The four-week running average preferred by most analysts because it flattens volatility in the weekly figure fell to 305,000, down 3,750 from the previous week's revised average of 308,750 (originally reported as 305,000). That's the lowest since May 2007.
For both the state and federal emergency unemployment compensation programs, the total number of Americans making claims for the week ending Sept. 14 was 4,002,455. That's an increase of 81,089 from the previous week. For the comparable week of 2012, there were 5,088,619 persons claiming benefits in both programs.
The total number of claimants has fallen because people have been hired, exhausted their benefits or dropped out of the workforce.
As I have noted previously:
During the past 40 years, the best 12-month period for initial claims was August 1999-July 2000 when the weekly average was 285,000. For the 12-month period ending Sept. 21, 2013, the weekly average was 358,000.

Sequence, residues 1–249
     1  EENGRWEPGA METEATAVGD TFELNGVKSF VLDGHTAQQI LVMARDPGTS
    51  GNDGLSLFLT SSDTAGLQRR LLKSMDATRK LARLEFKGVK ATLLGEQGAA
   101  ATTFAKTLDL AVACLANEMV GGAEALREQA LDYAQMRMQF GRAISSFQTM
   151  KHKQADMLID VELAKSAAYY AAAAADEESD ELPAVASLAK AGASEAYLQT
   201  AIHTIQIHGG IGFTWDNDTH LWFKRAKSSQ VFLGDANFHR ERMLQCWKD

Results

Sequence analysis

For decades, initial unemployment claims were viewed as a reasonably good predictor of job growth, with 400,000 new claims being viewed as the level at which healthy expansion would occur. But in the past couple of years, that average dropped to 370,000 and healthy growth in new jobs still has failed to appear. This has also proved true as the weekly average has fallen another 10,000 during 2013.
As a consequence, the value of new claims as a predictor of job growth has become ever more questionable. But they do, obviously, show that lay-offs are far less of a problem than they have been since the Great Recession began in December 2007.
8:46 AM PT: The Labor Department announced: "Due to the lapse in funding, the Employment Situation release which provides data on employment during the month of September, compiled by the U.S. Department of Labor’s Bureau of Labor Statistics, will not be issued as scheduled on Friday, October 4, 2013. An alternative release date has not been scheduled."